When you look for science news at news aggegation sites like Google News or popular publications like, well, any given magazine or newspaper, or (yawn) any given non-fiction television program, what you are likely to find are fluff pieces on topics related to medicine, automobiles, and telecommunications. To people in the news business, scientific progress means new kinds of medicines, better cars, and the latest (n+1)G cell phone or iPad.
It is possible for even successful people to apply pop-culture metrics to economic theory. For instance, the founder of PayPal, Peter Thiel, has written an essay for The National Review in which he questions the motives of scientists as well as their ability to maintain the growth of scientific progress.
The state of true science is the key to knowing whether something is truly rotten in the United States. But any such assessment encounters an immediate and almost insuperable challenge. Who can speak about the true health of the ever-expanding universe of human knowledge, given how complex, esoteric, and specialized the many scientific and technological fields have become? When any given field takes half a lifetime of study to master, who can compare and contrast and properly weight the rate of progress in nanotechnology and cryptography and superstring theory and 610 other disciplines? Indeed, how do we even know whether the so-called scientists are not just lawmakers and politicians in disguise (italics mine), as some conservatives suspect in fields as disparate as climate change, evolutionary biology, and embryonic-stem-cell research, and as I have come to suspect in almost all fields?
The article goes on to paint a picture of failure on the part of the scientific community for not coming up with a Moore’s law style of continuous bounty for the consumer.
Here is where I greatly disagree with Thiel. He cites the stagnation of wages as an indicator of economic progress which, in turn, is an indicator of tepid technological progress.
Let us now try to tackle this very thorny measurement problem from a very different angle. If meaningful scientific and technological progress occurs, then we reasonably would expect greater economic prosperity (though this may be offset by other factors). And also in reverse: If economic gains, as measured by certain key indicators, have been limited or nonexistent, then perhaps so has scientific and technological progress. Therefore, to the extent that economic growth is easier to quantify than scientific or technological progress, economic numbers will contain indirect but important clues to our larger investigation.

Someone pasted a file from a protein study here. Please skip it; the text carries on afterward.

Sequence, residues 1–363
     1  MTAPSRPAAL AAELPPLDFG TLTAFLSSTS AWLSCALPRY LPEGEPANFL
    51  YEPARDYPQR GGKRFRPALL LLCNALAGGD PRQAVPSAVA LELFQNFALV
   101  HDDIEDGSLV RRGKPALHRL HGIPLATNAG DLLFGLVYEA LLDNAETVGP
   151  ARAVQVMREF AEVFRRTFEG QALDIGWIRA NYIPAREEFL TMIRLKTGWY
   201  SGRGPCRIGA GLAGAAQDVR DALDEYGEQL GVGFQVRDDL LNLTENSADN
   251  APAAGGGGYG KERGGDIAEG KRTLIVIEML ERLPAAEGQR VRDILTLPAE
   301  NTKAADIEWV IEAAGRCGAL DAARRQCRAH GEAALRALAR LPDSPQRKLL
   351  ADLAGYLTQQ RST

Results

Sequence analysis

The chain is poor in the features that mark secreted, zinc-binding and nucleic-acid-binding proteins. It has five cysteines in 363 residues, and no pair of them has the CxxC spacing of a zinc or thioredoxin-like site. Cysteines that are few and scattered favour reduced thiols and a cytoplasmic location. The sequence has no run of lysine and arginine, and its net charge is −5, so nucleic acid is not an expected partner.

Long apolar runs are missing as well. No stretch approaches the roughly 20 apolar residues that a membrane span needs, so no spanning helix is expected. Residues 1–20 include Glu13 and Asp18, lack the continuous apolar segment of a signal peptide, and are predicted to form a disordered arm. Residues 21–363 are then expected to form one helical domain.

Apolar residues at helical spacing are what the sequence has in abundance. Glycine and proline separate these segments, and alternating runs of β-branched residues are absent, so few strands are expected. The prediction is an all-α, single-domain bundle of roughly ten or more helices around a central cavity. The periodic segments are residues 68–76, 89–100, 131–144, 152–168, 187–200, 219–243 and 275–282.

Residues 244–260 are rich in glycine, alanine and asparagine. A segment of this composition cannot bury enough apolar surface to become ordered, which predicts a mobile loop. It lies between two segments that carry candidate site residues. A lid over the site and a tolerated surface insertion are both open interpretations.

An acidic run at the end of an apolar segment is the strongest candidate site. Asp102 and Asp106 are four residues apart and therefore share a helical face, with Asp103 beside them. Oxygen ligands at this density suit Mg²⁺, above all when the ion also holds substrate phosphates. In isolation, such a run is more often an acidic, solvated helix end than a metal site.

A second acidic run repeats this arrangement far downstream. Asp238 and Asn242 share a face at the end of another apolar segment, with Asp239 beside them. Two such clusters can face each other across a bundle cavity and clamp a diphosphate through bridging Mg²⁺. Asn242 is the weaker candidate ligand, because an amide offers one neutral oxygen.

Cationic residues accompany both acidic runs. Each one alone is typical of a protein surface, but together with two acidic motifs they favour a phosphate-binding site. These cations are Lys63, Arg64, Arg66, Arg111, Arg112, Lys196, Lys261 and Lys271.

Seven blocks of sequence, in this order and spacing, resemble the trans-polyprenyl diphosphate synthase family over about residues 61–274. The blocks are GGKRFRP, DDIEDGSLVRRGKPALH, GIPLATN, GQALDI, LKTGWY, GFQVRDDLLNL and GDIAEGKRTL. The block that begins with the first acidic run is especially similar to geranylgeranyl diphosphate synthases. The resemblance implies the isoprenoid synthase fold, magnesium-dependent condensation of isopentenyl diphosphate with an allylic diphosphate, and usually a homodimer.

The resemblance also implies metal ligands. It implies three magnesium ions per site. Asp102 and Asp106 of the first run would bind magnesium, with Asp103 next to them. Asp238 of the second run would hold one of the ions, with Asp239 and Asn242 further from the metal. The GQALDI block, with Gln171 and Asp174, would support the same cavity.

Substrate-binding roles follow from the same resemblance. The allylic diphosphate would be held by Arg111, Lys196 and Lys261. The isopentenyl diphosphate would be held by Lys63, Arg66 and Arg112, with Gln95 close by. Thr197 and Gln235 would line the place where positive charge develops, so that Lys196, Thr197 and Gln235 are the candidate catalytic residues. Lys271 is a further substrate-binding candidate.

… Taken at face value, the economic numbers suggest that the notion of breathtaking and across-the-board progress is far from the mark. If one believes the economic data, then one must reject the optimism of the scientific establishment (italics mine). Peter Thiel, National Review.
This is where Thiel drives into the weeds. He conflates stagnant wages in the post Viet Nam era with a failure of science and technology to produce the kinds of advances he would recognize as worthy.
What is lost on Thiel is the fact that stagnant wages are a kind of benefit to employers and investors as the result of technology. Over this so-called period of stagnation in wages is a complementary increase in productivity. If anything the improvements in technology unseen by Thiel and his ilk have been applied to render human labor obsolete, thereby sustaining profits. China hasn’t gotten all American jobs. Machines have taken over much ot it.
The fact that Thiel scans the horizon from his perch and fails to see this is indicative of a kind of blindness of prosperity. In his world, technology is the internet. Apparently, people like Thiel only register scientific progress as a stream of shiny new consumer electronics, supersonic transport, or brain transplants. The advances in science and technology from the last 20 years are everywhere, not necessarily just in internet technology, cell phones, and Viagra.
Semiconductor technology is now well below the micron scale and heading to the tens of nanometers. Bits of data are heading toward tens to hundreds of electrons per bit. Lithographic fabrication at this scale allows for rules of thumb like Moore’s Law. Growth in component density can multiply parabolically or more as greater acreage of chip surface is consumed in 3 dimensions. Many doublings are possible in this domain.
But parabolic growth in aircraft or land vehicle speed is limited by other physics. A dynamic range of only a few factors of ten in vehicle speed are economically feasible. Fossil fuels are fantastically well suited for use in transportation owing to their high energy density, low cost per kiloJoule, and ability to flow through pipes. Fundamentally new forms of energy storage are hard to find and are expensive. All energy usage is consumption. Science can only go so far in facilitating better forms of consumption for the profligate. Doing work against gravity also consumes lots of energy, so the world of George Jetson never became feasible.
Ordinary automobiles that comprise a part of the stagnancy that Thiel bemoans are coated in highly advanced polymer coatings made from specialty monomers, catalysts, and initiators. The polymeric mechanical assemblies are highly engineered as well as is the robotic assembly of the vehicle. The implementation of automation in the manufacture of plain old cars is just a part of the overall issue of low job growth. In this case, technological advancement => stagnant growth in wages and employment.